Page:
6. Press enter and run the simulation to produce Fig. Reset time gain and Derivative time gain for the Cohen-Coon settings as given in the last three rows of Table 6. the only conclusion we can draw is that both methods provided excellent guesses for the values of the controller parameters. Press the enter button to complete this operation.81 %.315 % for the Ziegler-Nichols settings are in very good agreement. Having already looked at how effectively our controller settings can cope with set point change.stepped from 25. Fig. 6. 6. Now double click the PID controller icon to get the PID Block Parameter similar to Fig.9 but a faster response time of about 300 seconds. 6. Repeat the same steps for the Ziegler-Nichols settings to produce Fig. the CC proportional gain is divided by two because the original value produced very oscillatory response. There was an overshoot but no decay. 6.316 % for CohenCoon settings and 26. controllers do not only act to keep responses as close as possible the desired set point changes but they also try to eliminate the impact of load changes from achieving the desired set point changes.10. Then after two decays it settled at a steady state value of 26. For the same set point change. 6.316 by typing the new value. Note in the response shown in Fig.9 shows the product concentration rising to as high as 26.10 produced almost a similar response. Judging from the responses depicted in Fig.316 %. The figure gave a rise time of about 60 seconds and a response time of close to 500 seconds.9. will an incoming disturbance sway the system from achieving the desired set point? 95 . 6.9. with a similar rise time to that of Fig.9 and 6. In feedback control systems.5. showing no offset at all. 6. Fig.4.316 to 26.10. Then using the curser to highlight the parameter spaces enter the values for Proportional gain. Not only did both settings produce similar responses but also the final steady state concentration values of 26.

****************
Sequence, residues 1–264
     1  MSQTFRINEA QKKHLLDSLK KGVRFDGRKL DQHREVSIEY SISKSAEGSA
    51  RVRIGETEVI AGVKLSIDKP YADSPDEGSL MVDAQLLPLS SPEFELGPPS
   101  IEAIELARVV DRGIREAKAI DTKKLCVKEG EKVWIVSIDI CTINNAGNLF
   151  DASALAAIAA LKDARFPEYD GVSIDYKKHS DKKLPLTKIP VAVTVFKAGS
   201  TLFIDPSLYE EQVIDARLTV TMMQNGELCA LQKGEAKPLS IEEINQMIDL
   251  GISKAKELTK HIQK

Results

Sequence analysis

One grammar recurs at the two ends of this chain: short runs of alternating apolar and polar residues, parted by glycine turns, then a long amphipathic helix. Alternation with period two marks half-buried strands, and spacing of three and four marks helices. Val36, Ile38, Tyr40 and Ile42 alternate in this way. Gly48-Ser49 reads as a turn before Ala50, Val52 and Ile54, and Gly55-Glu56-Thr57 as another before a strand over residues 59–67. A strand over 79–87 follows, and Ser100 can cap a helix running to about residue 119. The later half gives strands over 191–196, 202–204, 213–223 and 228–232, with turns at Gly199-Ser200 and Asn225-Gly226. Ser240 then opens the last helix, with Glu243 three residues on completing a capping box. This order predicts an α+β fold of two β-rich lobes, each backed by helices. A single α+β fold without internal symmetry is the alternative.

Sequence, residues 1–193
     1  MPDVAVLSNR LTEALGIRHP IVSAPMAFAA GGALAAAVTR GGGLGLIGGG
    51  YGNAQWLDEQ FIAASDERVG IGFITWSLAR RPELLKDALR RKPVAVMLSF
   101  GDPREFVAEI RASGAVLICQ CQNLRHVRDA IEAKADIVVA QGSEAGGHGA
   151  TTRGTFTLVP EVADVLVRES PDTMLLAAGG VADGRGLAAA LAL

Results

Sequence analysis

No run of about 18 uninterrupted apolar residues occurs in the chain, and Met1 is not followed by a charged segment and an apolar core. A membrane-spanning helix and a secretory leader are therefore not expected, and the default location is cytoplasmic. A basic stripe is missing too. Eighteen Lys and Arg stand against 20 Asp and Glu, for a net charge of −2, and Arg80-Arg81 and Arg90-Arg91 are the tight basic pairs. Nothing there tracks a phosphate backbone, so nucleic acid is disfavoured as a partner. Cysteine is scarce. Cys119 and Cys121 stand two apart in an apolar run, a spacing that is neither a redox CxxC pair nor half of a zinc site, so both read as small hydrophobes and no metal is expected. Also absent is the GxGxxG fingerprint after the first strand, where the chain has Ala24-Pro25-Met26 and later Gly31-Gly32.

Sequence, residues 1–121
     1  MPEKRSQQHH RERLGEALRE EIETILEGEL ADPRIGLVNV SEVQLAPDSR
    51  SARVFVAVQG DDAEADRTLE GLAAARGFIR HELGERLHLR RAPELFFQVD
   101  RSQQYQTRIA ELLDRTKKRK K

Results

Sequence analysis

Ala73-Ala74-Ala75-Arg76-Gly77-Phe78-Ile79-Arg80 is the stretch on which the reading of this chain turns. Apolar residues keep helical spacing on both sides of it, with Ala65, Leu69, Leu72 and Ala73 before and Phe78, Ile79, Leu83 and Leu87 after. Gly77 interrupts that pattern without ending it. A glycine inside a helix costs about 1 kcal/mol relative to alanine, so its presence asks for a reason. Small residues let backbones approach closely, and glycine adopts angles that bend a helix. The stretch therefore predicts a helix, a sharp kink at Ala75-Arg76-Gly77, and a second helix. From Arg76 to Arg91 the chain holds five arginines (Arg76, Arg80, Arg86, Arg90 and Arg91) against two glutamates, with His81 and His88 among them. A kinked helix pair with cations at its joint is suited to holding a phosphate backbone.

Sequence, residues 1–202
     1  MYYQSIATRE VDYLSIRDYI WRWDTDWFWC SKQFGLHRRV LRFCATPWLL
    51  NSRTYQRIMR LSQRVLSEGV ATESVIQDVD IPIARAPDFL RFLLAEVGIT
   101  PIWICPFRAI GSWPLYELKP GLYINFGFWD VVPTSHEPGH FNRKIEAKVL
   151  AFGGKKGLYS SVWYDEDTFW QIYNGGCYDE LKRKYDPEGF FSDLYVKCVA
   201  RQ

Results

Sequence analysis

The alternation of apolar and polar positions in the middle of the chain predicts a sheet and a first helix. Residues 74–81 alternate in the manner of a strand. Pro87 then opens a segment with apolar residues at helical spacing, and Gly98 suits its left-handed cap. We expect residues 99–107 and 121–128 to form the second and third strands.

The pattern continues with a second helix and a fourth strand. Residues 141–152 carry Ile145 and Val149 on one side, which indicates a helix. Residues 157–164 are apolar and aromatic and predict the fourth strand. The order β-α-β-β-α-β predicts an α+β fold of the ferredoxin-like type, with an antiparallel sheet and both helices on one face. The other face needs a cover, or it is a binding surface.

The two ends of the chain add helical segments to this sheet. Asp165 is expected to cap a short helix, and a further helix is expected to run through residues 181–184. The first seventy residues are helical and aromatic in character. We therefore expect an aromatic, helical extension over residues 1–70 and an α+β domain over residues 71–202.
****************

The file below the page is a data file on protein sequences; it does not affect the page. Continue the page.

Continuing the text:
any of the input parameters (blue) can act as a disturbance. the concentration rapidly rose to approach the value of the open loop response but was quickly brought back to the set 96 .316 % to a new steady state value of 26. In this case the feed flow F1 was chosen as the disturbance parameter.1 kg/min. from where the change is effected.316 % and a disturbance introduced.1. 6.9 Response of Evaporator Process to set point change using Cohen-Coon settings Fig. Fig. the feed flow rate. Fig. 6. 6. This is done by double clicking on the F1 icon to obtain a block parameter.10 Response of Evaporator Process to set point change using Ziegler-Nichol settings To find out.12 and 6. Note how in both responses. 6. The flow was increased by a step change of 0. the set point is maintained at its original value of 25.11 shows the open-loop response of the concentration to this disturbance. 6.36 % without limitation.13 show the controlled-responses to a 0.Fig. Using Fig.1 kg/min step change in F1. The open-loop response shows the concentration rising from the value of 25.

6. 6. Fig.12 and 6.13. 6. Note the similarity between the responses of Fig.12 Effect of feed flow disturbance on concentration in closed-loop system with Cohen-Coon settings 97 . In both cases. the two graphs of the closedloop system showed responses different from that of the open-loop response.point value of 25. the controller setting parameters of both Cohen-Coon and Ziegler-Nichols are equally effective.11 Effect of Feed Flow disturbance on concentration in open-loop system Fig. The response controlled by the ZN settings settled faster with a response time of about 250 seconds as against 500 seconds for the CC settings.316 %. As concluded earlier. the disturbance swiftly increased the concentration (as shown in the beginning of the two graphs) but the controllers acted immediately to bring back the concentration to the set point value of 25. Just like the set point response.316 %.

• The green box labeled “graphical tool” exists in the Simulink modules can be used to trigger the plotting forum. The user can change the default values for the constraints by simply clicking the saturation block and insert the new values. 6. • The Saturation block in the Simulink modules is used to limit the input values between upper and lower constraints. The usage of the plotting forum is discussed in Appendix A.Fig. 98 .13 Effect of feed flow disturbance on concentration in closed-loop system with Ziegler-Nichols settings Remarks: • The green box labeled “Go to menu” exists in the Simulink modules can be used to switch between the active Simulaink module with the current active sub menu.

Sign up to vote on this title
UsefulNot useful